Beyond the tragedy of Ben Hollioake there is an uncomfortable truth which English cricket is duty bound to confront. It is that if a young life has been cruelly snuffed out, the indications were that a potentially brilliant career was already in decline.
The reason for this may have had something to do with the nature of a gifted, attractive but perhaps not hugely self-motivated young man. Unquestionably, though, it also highlighted a failure of English cricket to identify diamonds and then vigorously bring them to their proper lustre. The Australians do this as a matter of course.
Shane Warne long ago proved his genius, but what chance would he have had in the culture of the English game? How well would his priorities have been adjusted. Would he have been nourished or slapped down? The depressing truth is that we have to believe that Ben Hollioake's career had hit its peak before he was 20. His swift elevation made demands on him for which he might not have been equal. But how strongly was he supported?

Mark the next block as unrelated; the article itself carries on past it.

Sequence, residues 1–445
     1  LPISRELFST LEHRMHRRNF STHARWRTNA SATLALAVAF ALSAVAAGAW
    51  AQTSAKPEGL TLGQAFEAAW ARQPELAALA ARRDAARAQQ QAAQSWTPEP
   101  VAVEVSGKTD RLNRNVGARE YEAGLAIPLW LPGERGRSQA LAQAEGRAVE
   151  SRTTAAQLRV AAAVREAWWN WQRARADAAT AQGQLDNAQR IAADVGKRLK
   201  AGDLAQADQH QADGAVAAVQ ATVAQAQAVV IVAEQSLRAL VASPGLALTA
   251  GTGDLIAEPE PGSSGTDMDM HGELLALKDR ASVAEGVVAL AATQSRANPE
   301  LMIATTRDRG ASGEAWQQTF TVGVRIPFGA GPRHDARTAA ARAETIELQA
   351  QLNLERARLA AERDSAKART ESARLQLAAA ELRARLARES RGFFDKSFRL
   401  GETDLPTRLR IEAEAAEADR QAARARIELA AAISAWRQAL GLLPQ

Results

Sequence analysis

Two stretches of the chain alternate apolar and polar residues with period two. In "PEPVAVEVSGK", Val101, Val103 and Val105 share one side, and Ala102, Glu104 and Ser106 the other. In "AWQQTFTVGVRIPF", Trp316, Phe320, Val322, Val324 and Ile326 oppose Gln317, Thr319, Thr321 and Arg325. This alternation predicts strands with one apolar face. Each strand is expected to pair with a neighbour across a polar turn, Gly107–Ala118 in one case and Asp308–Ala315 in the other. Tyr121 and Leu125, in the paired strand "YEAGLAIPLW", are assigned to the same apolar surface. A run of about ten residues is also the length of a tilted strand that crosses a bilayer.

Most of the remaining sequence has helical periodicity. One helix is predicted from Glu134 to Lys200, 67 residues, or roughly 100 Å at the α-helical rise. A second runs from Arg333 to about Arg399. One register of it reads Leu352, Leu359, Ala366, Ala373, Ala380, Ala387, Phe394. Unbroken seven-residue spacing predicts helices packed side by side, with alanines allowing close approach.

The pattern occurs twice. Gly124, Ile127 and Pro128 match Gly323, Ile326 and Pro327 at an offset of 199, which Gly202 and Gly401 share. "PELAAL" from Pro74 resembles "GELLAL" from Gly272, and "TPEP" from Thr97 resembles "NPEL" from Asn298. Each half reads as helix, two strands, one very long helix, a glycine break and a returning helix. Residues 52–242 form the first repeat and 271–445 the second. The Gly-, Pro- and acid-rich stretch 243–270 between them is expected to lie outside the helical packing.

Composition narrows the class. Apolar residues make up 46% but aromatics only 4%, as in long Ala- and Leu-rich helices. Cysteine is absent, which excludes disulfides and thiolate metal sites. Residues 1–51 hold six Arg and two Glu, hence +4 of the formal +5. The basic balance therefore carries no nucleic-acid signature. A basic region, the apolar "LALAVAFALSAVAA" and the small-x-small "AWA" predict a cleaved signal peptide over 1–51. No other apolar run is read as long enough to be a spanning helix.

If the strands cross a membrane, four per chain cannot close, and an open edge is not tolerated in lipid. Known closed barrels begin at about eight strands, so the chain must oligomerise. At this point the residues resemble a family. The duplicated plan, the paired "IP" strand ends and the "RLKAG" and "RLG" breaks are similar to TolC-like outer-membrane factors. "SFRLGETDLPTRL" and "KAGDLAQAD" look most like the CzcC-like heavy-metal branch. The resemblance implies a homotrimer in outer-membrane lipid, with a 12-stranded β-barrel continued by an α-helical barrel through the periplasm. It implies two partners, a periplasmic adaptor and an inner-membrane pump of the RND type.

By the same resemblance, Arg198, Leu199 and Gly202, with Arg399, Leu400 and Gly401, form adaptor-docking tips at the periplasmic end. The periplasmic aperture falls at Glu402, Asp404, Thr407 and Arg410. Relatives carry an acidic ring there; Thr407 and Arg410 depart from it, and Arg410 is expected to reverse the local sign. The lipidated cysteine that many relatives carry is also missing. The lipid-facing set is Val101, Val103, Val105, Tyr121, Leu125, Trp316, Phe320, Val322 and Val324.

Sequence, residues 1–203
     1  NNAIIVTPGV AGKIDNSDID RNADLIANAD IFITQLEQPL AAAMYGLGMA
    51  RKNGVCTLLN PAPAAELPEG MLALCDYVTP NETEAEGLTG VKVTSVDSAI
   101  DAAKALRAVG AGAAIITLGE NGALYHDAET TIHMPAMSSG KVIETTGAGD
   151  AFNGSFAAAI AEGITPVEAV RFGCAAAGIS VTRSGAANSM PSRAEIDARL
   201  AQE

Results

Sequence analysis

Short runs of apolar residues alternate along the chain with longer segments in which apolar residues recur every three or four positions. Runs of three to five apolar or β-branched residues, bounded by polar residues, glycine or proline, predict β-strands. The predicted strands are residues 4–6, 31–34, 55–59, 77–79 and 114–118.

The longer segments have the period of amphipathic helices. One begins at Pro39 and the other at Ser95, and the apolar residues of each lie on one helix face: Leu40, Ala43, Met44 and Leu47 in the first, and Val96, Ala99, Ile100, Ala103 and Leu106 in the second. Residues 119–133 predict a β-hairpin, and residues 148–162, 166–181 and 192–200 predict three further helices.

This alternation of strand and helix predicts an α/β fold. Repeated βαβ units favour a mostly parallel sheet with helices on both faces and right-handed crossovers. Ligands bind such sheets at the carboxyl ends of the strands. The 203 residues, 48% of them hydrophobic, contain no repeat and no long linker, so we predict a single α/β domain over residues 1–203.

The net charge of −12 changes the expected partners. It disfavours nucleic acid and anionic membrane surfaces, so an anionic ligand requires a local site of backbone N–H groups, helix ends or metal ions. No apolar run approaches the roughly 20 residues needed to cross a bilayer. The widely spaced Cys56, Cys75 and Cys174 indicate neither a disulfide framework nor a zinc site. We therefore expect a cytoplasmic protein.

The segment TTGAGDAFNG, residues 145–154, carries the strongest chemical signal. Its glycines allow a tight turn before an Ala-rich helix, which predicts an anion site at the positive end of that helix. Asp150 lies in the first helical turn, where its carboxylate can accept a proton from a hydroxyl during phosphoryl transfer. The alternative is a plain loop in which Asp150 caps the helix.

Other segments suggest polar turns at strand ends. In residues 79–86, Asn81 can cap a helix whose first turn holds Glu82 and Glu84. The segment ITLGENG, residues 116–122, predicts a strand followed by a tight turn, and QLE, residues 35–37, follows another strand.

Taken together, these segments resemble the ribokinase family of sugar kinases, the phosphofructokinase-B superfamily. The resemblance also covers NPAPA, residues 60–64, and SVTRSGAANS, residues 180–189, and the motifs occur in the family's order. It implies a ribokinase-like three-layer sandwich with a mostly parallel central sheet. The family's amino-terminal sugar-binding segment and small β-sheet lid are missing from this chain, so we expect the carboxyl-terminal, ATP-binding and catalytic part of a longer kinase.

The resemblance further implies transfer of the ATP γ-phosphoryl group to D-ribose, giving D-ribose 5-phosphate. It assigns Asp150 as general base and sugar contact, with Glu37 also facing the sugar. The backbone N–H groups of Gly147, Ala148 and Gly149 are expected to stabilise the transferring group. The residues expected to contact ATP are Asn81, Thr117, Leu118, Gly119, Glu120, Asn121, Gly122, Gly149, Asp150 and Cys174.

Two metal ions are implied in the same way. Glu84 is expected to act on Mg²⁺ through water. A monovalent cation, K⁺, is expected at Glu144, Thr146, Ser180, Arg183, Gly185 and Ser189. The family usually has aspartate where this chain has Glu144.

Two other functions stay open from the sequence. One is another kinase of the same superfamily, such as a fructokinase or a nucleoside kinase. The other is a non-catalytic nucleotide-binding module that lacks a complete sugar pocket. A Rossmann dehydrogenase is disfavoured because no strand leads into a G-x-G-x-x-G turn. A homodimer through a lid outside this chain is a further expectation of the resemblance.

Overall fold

The mourning of a young man gone with so much still before him is always deep. But that for Ben Hollioake perhaps carries a special edge. The sense of waste is oppressive at every level.Reuse content